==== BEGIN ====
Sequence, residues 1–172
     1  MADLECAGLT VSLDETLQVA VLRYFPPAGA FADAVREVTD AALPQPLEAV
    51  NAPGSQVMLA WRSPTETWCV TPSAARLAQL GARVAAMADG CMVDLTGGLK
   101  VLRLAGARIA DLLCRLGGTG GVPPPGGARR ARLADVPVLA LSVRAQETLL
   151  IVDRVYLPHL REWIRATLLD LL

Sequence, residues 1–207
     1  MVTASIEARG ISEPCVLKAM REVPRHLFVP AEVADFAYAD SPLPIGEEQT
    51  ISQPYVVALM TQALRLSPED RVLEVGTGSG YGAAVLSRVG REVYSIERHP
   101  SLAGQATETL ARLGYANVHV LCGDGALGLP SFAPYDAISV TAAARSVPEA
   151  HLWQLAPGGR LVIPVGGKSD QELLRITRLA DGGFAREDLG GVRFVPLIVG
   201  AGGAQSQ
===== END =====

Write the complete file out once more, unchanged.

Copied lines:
Sequence, residues 1–172
     1  MADLECAGLT VSLDETLQVA VLRYFPPAGA FADAVREVTD AALPQPLEAV
    51  NAPGSQVMLA WRSPTETWCV TPSAARLAQL GARVAAMADG CMVDLTGGLK
   101  VLRLAGARIA DLLCRLGGTG GVPPPGGARR ARLADVPVLA LSVRAQETLL
   151  IVDRVYLPHL REWIRATLLD LL

Sequence, residues 1–207
     1  MVTASIEARG ISEPCVLKAM REVPRHLFVP AEVADFAYAD SPLPIGEEQT
    51  ISQPYVVALM TQALRLSPED RVLEVGTGSG YGAAVLSRVG REVYSIERHP
   101  SLAGQATETL ARLGYANVHV LCGDGALGLP SFAPYDAISV TAAARSVPEA
   151  HLWQLAPGGR LVIPVGGKSD QELLRITRLA DGGFAREDLG GVRFVPLIVG
   201  AGGAQSQ